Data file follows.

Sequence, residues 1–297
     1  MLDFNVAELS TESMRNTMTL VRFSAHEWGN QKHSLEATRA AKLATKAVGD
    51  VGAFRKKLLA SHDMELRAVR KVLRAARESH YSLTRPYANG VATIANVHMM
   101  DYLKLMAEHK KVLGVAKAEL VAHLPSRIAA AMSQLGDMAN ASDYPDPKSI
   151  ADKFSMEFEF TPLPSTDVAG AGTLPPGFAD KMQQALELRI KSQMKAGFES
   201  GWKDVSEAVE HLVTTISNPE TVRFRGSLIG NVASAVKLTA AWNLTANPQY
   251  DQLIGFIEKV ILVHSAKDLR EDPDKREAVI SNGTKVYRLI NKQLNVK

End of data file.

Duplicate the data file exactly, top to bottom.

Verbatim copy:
Sequence, residues 1–297
     1  MLDFNVAELS TESMRNTMTL VRFSAHEWGN QKHSLEATRA AKLATKAVGD
    51  VGAFRKKLLA SHDMELRAVR KVLRAARESH YSLTRPYANG VATIANVHMM
   101  DYLKLMAEHK KVLGVAKAEL VAHLPSRIAA AMSQLGDMAN ASDYPDPKSI
   151  ADKFSMEFEF TPLPSTDVAG AGTLPPGFAD KMQQALELRI KSQMKAGFES
   201  GWKDVSEAVE HLVTTISNPE TVRFRGSLIG NVASAVKLTA AWNLTANPQY
   251  DQLIGFIEKV ILVHSAKDLR EDPDKREAVI SNGTKVYRLI NKQLNVK